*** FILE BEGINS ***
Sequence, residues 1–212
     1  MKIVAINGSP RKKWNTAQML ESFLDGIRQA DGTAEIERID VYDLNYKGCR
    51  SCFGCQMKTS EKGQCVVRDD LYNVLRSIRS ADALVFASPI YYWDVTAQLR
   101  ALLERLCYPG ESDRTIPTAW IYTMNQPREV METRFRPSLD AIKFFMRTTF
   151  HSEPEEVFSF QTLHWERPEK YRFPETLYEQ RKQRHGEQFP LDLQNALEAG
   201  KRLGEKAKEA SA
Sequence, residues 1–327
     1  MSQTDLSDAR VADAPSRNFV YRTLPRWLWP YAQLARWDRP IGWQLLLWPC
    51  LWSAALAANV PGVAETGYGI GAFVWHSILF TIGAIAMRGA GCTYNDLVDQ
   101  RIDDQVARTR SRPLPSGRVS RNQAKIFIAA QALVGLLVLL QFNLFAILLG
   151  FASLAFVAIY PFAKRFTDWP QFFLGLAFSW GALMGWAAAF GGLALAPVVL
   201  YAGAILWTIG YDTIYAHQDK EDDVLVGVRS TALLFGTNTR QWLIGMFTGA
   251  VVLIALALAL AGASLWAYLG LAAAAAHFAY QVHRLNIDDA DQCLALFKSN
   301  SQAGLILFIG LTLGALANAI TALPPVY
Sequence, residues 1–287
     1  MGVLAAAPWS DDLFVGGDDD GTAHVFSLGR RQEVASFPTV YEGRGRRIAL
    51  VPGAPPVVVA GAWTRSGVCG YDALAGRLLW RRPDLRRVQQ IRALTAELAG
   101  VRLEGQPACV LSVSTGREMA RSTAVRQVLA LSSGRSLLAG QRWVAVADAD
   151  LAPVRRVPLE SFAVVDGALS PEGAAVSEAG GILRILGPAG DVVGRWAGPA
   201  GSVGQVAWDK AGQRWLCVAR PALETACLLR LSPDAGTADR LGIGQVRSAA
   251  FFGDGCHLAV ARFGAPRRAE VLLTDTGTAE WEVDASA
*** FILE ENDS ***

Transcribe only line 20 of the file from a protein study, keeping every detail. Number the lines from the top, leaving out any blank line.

   201  GSVGQVAWDK AGQRWLCVAR PALETACLLR LSPDAGTADR LGIGQVRSAA